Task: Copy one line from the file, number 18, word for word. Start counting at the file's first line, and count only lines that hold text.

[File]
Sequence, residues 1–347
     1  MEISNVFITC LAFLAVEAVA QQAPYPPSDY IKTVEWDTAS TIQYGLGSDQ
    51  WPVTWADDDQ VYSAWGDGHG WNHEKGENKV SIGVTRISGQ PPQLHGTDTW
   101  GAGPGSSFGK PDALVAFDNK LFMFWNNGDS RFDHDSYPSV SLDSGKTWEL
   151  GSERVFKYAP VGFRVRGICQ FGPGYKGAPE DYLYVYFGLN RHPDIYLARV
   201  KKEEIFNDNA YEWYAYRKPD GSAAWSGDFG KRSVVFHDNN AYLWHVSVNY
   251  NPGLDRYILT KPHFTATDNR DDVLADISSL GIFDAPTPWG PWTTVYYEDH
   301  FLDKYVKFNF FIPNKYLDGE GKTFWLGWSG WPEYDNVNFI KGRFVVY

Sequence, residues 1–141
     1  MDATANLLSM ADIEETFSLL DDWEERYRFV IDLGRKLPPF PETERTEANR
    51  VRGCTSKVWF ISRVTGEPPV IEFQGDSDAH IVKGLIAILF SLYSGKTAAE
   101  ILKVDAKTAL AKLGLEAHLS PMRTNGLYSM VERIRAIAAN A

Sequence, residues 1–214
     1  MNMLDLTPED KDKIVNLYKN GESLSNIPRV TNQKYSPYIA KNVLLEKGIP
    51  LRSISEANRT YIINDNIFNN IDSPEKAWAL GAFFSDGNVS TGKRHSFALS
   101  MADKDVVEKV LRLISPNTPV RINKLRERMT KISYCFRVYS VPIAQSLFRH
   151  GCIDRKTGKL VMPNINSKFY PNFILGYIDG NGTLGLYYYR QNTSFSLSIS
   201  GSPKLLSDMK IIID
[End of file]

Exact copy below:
   201  GSPKLLSDMK IIID